Federal Agencies Offer Vision to Ensure Future Generations Can Enjoy Wildernes

BLM-logoWashington, D.C. - The Federal land management agencies that make up the National Wilderness Preservation System signed an agreement that will guide interagency collaboration and vision to ensure the continued preservation of nearly 110 million acres of the most primitive of public lands.

The 2020 Vision: Interagency stewardship priorities for America’s National Wilderness Preservation System will guide the National Park Service, U.S. Fish and Wildlife Service, Bureau of Land Management and U.S. Geological Survey, all under the U.S. Department of Interior; and the U.S. Forest Service, an agency of the U.S. Department of Agriculture.

FIVE INDIVIDUALS CHARGED IN CONNECTION WITH UNLAWFUL ATV RIDE IN RECAPTURE CANYON

SALT LAKE CITY – A two-count misdemeanor information filed in federal court Wednesday morning in Salt Lake City charges five individuals in connection with an unlawful ATV ride in Recapture Canyon on May 10, 2014.  The information alleges one count of conspiracy to operate off-road vehicles on public lands closed to off-road vehicles and one count of operation of off-road vehicles on public lands closed to off-road vehicles.

Game and Fish Commission passes resolutions on burro management, land use

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(January 21, 2016) PHOENIX - The Arizona Game and Fish Commission approved two resolutions, including one to address an "extreme overpopulation of burros" impacting the state's wildlife, habitat and public safety, and another that bolsters the department's efforts to ensure public access to public lands. The Commission passed the resolutions at its January meeting.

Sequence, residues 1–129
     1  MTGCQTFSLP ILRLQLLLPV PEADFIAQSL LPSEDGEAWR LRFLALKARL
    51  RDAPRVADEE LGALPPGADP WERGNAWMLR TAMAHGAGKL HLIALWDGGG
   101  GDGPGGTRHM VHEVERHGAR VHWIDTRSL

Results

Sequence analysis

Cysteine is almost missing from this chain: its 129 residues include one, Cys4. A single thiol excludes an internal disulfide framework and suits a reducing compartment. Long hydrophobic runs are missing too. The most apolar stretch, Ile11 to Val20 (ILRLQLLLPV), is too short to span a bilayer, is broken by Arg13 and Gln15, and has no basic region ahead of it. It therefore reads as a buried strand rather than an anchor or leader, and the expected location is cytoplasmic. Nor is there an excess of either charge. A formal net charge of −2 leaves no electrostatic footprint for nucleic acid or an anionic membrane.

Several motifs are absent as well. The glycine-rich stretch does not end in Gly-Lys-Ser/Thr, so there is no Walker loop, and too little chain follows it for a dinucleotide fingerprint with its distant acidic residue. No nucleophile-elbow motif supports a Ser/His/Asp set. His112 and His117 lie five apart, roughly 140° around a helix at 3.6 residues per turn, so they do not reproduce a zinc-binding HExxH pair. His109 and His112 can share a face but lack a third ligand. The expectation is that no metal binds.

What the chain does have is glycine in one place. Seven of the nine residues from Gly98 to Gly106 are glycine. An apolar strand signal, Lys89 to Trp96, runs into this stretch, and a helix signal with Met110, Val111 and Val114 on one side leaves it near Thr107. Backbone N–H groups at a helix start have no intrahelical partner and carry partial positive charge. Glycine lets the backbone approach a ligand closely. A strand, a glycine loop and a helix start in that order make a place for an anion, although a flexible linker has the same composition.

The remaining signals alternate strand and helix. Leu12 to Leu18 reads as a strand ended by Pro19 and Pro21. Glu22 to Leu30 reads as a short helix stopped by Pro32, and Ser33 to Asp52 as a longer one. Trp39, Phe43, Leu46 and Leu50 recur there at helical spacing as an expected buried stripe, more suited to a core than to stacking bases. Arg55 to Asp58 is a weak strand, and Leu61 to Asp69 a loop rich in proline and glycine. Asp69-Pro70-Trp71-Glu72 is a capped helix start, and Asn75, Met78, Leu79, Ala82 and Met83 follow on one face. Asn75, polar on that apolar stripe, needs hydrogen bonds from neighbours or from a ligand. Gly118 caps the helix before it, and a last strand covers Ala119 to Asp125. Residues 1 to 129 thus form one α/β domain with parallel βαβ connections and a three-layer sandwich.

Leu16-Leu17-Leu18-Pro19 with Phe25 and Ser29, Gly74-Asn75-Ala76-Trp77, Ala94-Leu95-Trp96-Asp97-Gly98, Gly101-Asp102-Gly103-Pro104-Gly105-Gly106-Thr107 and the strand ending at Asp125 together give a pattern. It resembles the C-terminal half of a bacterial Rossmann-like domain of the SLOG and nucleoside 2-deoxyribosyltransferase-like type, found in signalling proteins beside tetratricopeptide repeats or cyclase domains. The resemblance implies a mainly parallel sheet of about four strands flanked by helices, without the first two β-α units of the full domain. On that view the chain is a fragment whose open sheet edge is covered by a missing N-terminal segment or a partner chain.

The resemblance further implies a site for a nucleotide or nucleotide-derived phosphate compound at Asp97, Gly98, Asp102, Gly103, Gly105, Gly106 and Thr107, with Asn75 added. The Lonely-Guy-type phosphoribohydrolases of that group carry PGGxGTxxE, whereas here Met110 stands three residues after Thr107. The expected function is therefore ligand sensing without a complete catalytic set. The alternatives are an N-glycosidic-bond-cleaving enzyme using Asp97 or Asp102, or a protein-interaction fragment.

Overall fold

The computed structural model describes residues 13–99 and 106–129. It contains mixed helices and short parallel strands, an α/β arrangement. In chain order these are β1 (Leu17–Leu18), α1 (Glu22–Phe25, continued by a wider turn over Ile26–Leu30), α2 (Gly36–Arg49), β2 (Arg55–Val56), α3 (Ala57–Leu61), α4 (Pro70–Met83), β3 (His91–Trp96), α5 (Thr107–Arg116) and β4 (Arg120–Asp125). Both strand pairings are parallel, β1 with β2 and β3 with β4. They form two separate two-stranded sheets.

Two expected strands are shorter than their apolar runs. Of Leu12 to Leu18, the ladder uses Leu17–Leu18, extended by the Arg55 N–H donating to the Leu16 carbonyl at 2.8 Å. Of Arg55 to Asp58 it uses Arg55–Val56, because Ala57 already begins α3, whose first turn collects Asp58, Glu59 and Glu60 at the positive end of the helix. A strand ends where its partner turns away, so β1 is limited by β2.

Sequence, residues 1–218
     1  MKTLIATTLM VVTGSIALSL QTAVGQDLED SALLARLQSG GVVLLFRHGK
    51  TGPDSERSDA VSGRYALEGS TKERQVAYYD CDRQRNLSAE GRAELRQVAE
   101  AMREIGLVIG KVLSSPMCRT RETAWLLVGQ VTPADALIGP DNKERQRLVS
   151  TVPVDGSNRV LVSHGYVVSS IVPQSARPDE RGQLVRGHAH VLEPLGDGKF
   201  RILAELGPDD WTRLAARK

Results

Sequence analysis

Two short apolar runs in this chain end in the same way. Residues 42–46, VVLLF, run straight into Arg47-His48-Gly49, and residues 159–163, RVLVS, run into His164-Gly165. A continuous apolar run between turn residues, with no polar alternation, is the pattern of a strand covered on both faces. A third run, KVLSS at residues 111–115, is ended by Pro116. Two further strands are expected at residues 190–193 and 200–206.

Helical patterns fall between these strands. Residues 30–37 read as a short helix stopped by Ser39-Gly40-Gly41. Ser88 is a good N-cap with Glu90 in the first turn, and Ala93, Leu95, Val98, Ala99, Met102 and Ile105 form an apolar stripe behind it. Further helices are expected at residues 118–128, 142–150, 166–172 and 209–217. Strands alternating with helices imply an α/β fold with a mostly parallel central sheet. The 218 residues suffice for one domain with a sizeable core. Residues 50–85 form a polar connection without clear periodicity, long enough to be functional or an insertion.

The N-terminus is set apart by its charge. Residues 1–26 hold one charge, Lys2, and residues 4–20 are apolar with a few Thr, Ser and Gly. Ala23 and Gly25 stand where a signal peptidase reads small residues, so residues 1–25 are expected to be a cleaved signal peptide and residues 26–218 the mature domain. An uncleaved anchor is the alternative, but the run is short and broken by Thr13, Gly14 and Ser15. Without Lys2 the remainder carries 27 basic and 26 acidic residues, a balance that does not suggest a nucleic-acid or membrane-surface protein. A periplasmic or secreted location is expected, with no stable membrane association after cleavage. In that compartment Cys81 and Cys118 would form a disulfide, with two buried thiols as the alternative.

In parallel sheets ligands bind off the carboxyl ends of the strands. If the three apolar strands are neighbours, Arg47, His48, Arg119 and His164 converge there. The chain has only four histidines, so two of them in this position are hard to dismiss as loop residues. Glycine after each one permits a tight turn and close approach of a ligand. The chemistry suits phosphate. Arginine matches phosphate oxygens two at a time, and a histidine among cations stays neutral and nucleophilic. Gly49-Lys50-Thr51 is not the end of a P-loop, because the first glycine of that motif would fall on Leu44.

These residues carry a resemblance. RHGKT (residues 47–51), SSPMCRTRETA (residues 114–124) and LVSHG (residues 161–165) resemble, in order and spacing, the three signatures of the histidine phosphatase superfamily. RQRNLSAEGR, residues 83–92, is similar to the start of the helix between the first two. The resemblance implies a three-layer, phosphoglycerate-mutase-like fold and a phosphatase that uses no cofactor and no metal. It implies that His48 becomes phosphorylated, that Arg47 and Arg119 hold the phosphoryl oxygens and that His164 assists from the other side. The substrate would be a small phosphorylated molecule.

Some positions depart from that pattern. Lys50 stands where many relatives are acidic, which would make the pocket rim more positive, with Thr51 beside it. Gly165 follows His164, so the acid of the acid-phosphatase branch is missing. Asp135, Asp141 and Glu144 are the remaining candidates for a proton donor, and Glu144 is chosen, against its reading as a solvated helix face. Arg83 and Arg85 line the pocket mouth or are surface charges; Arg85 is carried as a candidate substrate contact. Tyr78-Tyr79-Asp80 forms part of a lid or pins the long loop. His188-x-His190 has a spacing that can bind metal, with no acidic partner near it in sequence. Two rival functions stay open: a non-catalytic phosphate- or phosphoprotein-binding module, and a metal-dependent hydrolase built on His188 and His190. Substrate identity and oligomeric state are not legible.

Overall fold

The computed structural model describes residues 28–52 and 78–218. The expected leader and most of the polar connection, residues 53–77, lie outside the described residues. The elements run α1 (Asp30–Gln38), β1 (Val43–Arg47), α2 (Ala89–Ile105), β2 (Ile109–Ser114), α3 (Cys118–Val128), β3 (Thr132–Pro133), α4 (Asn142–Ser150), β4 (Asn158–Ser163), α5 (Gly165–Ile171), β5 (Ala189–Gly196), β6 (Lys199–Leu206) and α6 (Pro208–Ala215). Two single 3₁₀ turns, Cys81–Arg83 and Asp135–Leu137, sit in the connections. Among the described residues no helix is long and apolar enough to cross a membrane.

The resolution on burro management states that "the Arizona Game and Fish Commission recognizes there is an extreme overpopulation of burros in Arizona that negatively impacts wildlife, wildlife habitat and public safety."

Under the Wild Free-Roaming Horse and Burros Act of 1971, there should be no more than 1,676 burros within the state. The current population is estimated at 4,860, according to the Bureau of Land Management, which is legally required to maintain burros at established "appropriate management levels." The BLM is hampered by a lack of funding and support from the agency's administration at the national level.

Governors seek DOI consultation

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Western Governors have asked Department of the Interior (DOI) Secretary Ryan Zinke why they were not consulted in advance about DOI's proposal to change the bureaus’ regional office boundaries and shared additional questions regarding the proposal.

"Western Governors appreciate your desire to improve the efficiency of DOI so that it can more effectively respond to the needs of our nation," said WGA Chair and South Dakota Gov. Dennis Daugaard and Vice Chair and Hawaii Gov. David Igein the letter sent Feb. 1. However, the Governors